Two Melbourne Transport Stories

Yes to Doncaster Rail

Here are two competing images of Melbourne’s transport future just a few hundred metres apart on Alexandra Parade in Collingwood and Fitzroy:

We have the City of Yarra’s billboard which asks people to campaign for Doncaster rail and  a few hundred metres west there is the Baillieu government’s drilling rig. Ted Baillieu announced a few weeks ago that the drilling rig is undertaking soil testing for a proposed east-west freeway link between the eastern end of the Eastern Freeway and the Western Ring Road.
Mysterious changes in government priorities

Drilling for the East West road tunnel and tollway starts on Alexandra Parade

During the 2010 state election campaign Ted Baillieu promised an examination of a rail link between Doncaster and the Melbourne CBD. The study is currently under way at an approximate cost of $6 million. Shortly after taking office the Baillieu government also suspended the Brumby government’s examination of the expansion of Hoddle Street because of the priority it then gave to the Doncaster rail study.

However, more recently the Baillieu government sought federal funding for work for the proposed east-west link. So far this funding has not been forthcoming.

No business case, much less a cost-benefit analysis, has been developed for such a project. In fact a cost-benefit analysis conducted by the previous Labor government showed the link is economically unjustified.

Nevertheless Premier Baillieu is speaking as if it is a certainty, and as you can see he has bunting surrounding his drilling rig to announce the project.


So what is the motive? Is it a bit of wedge politics to set off the ALP’s inner northern suburban constituency against the outer suburbs? Or does the  government have merchant banker mates just down the hill in Collins Street  working on a privatised road deal just too good to refuse in the lead-up to the 2014 state election? Or is it just Melbourne’s no. 1 roads lobby group, the RACV, and their seedy mates plying their black magic on a government that does not know which way is “up” when it comes to transport policy? We do know the RACV is currently campaigning  via its “RedSpot” promotion for both the east-west link and the north-east link across the Yarra and through Banyule.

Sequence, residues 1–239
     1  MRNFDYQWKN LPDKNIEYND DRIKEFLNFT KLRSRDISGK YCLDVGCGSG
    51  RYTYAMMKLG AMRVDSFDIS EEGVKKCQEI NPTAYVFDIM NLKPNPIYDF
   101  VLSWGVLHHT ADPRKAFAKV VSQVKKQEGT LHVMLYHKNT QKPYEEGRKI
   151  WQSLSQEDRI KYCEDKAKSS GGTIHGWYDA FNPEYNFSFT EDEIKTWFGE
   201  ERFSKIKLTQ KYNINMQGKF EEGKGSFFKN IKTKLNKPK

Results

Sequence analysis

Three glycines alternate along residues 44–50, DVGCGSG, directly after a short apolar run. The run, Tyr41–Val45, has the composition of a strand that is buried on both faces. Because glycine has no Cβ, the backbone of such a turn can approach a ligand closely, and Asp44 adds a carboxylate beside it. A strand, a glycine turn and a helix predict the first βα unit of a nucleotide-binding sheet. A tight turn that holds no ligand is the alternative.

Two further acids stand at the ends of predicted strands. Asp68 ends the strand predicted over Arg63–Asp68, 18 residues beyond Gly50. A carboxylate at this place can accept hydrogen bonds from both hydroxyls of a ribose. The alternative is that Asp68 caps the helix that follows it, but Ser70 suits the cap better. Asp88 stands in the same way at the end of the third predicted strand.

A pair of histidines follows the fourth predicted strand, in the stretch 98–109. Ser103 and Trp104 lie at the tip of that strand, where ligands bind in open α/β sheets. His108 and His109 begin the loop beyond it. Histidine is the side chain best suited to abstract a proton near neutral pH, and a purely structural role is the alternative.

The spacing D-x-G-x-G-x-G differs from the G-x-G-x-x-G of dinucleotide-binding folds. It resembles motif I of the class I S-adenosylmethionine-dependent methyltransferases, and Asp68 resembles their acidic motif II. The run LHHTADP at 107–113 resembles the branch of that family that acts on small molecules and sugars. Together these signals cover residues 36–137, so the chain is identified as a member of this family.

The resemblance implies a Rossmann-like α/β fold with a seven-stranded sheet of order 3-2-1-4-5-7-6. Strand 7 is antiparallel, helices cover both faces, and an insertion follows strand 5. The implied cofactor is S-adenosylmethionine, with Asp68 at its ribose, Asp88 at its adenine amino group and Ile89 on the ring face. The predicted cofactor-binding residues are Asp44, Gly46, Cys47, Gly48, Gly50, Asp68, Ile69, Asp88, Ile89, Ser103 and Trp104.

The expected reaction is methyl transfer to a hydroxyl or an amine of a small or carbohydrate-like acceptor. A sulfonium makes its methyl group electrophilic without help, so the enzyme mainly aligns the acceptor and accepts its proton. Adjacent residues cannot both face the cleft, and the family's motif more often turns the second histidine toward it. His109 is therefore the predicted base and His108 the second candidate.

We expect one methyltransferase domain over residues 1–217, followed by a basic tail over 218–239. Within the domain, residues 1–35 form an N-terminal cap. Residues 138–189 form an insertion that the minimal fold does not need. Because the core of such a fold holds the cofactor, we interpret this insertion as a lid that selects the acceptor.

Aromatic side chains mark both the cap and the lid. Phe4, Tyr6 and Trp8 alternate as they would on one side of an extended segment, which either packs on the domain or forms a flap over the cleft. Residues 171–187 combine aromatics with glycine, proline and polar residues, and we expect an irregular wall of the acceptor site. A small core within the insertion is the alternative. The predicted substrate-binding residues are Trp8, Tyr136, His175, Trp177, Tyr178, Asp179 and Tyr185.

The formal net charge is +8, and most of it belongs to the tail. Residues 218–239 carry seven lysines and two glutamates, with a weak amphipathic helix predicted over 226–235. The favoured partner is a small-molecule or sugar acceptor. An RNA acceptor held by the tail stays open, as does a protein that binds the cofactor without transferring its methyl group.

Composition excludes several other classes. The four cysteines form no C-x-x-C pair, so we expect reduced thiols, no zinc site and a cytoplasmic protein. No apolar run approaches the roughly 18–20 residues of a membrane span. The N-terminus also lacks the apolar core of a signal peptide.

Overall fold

But didn’t planning minister, and Northern Metropolitan MP, Matthew Guy, tell a Friends of Banyule delegation on 15 July 2011 that the north-east link “is not on the radar.” Yes he did.

Worth keeping an eye on that radar.

Ted Baillieu should reflect on the space inefficiency of large volumes of motor car traffic in urban and suburban Melbourne and the fact that  Melbourne continues to work as well as it does only because more and more workers and visitors have been able to travel by public transport and not by motor car. It is at the centre of Melbourne’s much vaunted “liveability.”

Victoria recently had an architect as planning minister. Surprisingly, he did not understand that simple fact. If he did, he kept it a big secret.

Ted Baillieu, our architect Premier needs to absorb and impart this simple fact to those around him.


About Friends of Banyule Inc

President & Public Officer of Friends of Banyule Inc, a community not- for-profit organisation to enhance and protect the environmental assets of Banyule City. Currently fighting the proposed NE Link freeway through one of inner Melbourne's most ecologically sensitive areas and historical areas.
This entry was posted in Baillieu Government, Car Dependency, Doncaster Rail, Investment in Rail, Ne-Link Freeway, Public Transport, Road Lobby, Trains, Vic Roads, Vic State Election 2010. Bookmark the permalink.

One Response to Two Melbourne Transport Stories

  1. Using data from BITRE report 124, Sir Rod Eddington’s 2008 road traffic
    forecast did not materialize. While the Middle East disintegrates and
    160 million Chinese cars will compete with Australian motorists in 2020,
    a complete re-think is necessary

    Melbourne’s East West Link tunnel proposal has low benefit cost ratio
    and high oil price risk

    Destiny of all road tunnels:

    Brisbane Airport Link: At the end of the road tunnel, investor money
    flies away (part 2)

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